Scientist can use CRISPR technology to help climate change
While the climate change crisis is nothing new, the agriculture industry is constantly finding ways to play their part in the solution. Gene editing technology will play a vital role in climate-proofing future crops to protect global food supplies, according to scientists at The University of Queensland.
Biotechnologist Dr. Karen Massel from UQ’s Centre for Crop Science has published a review of gene editing technologies such as CRISPR-Cas9 to safeguard food security in farming systems under stress from extreme and variable climate conditions.
“Farmers have been manipulating the DNA of plants using conventional breeding technologies for millennia, and now with new gene-editing technologies, we can do this with unprecedented safety, precision and speed,” Massel said. “This type of gene editing mimics the way cells repair in nature.”
Her review recommended integrating CRISPR-Cas9 genome editing into modern breeding programs for crop improvement in cereals.
Energy-rich cereal crops such as wheat, rice, maize and sorghum provide two-thirds of the world’s food energy intake.
“Just 15 plant crops provide 90 per cent of the world’s food calories,” Massel said. “It’s a race between a changing climate and plant breeders’ ability to produce crops with genetic resilience that grow well in adverse conditions and have enriched nutritional qualities. The problem is that it takes too long for breeders to detect and make that genetic diversity available to farmers, with a breeding cycle averaging about 15 years for cereal crops. Plus CRISPR allows us to do things we can’t do through conventional breeding in terms of generating novel diversity and improving breeding for desirable traits.”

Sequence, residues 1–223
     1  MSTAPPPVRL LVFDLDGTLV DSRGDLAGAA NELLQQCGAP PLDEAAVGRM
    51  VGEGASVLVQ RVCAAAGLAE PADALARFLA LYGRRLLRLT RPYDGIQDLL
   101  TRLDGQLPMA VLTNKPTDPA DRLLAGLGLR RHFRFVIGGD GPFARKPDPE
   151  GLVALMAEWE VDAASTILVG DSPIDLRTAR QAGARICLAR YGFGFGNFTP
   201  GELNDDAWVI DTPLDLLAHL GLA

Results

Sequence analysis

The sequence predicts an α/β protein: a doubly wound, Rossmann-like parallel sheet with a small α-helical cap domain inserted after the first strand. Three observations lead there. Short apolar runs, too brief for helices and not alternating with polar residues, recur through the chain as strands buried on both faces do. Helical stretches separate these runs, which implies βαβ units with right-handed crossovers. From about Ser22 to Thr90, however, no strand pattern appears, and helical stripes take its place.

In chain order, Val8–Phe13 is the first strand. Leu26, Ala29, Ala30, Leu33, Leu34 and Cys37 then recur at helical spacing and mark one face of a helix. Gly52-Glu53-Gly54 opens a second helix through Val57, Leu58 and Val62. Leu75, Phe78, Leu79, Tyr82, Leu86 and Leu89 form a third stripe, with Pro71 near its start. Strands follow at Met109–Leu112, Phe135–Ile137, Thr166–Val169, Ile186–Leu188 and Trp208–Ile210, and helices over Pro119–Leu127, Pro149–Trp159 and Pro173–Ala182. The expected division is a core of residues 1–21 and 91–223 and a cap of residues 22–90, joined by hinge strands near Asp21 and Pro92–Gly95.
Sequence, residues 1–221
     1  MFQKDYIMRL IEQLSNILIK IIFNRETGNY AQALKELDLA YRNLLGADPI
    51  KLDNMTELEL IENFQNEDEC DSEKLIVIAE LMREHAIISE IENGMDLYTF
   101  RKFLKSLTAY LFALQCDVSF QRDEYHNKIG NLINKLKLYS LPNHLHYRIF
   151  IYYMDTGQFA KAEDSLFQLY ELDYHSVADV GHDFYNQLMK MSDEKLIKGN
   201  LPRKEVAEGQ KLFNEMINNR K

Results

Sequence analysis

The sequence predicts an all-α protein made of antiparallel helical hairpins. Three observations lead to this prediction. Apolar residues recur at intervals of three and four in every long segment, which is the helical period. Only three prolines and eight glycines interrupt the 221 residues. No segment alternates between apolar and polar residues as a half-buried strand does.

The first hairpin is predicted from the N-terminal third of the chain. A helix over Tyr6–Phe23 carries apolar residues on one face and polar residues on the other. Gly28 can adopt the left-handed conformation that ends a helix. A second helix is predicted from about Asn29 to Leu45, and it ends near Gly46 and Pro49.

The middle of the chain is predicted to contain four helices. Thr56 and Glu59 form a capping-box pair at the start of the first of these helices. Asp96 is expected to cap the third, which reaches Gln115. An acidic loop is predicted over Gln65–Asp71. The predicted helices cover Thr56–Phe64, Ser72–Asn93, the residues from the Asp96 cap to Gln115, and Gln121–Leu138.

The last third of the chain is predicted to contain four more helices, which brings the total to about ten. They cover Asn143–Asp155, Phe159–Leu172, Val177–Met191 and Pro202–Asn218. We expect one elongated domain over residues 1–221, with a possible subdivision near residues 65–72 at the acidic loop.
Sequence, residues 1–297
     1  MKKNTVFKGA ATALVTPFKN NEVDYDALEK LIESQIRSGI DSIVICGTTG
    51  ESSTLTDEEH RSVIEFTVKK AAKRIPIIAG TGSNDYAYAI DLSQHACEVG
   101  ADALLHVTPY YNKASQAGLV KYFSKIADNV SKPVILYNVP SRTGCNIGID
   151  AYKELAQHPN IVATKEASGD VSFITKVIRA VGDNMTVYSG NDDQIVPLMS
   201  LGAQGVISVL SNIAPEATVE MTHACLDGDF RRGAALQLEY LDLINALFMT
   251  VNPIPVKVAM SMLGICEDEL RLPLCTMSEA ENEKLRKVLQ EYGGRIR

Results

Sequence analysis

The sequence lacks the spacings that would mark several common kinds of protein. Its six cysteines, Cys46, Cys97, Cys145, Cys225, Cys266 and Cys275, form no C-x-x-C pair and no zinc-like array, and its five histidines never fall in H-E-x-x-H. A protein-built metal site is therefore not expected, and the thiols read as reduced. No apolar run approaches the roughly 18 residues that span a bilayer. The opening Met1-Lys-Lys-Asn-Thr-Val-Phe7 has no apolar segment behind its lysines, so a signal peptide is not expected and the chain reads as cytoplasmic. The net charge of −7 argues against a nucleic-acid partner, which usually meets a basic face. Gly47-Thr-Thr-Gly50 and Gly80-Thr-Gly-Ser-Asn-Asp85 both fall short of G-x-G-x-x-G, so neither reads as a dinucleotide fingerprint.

In proof-of-concept studies, Dr. Massel and colleagues at the Queensland Alliance for Agriculture and Food Innovation (QAAFI) applied gene editing technology to sorghum and barley pre-breeding programs.
“In sorghum, we edited the plant’s genes to unlock the digestibility level of the available protein and to boost its nutritional value for humans and livestock,” she said. We’ve also used gene-editing to modify the canopy architecture and root architecture of both sorghum and barley, to improve water use efficiency.”
Massel’s research also compared the different genome sequences of cereals — including wild variants and ancestors of modern cereals — to differences in crop performance in different climates and under different kinds of stresses.
“Wild varieties of production crops serve as a reservoir of genetic diversity, which is especially valuable when it comes to climate resilience,” she said. “We are looking for genes or gene networks that will improve resilience in adverse growing climates. Once a viable gene variant is identified, the trick is to re-create it directly in high-performing cultivated crops without disrupting the delicate balance of genetics related to production traits. These kinds of changes can be so subtle that they are indistinguishable from the naturally occurring variants that inspired them.”
In 2019, Australia’s Office of the Gene Technology Regulator deregulated gene-editing, differentiating it from genetically modified organism (GMO) technology. Gene edited crops are not yet grown in Australia, but biosecurity and safety risk assessments of the technology are currently being undertaken.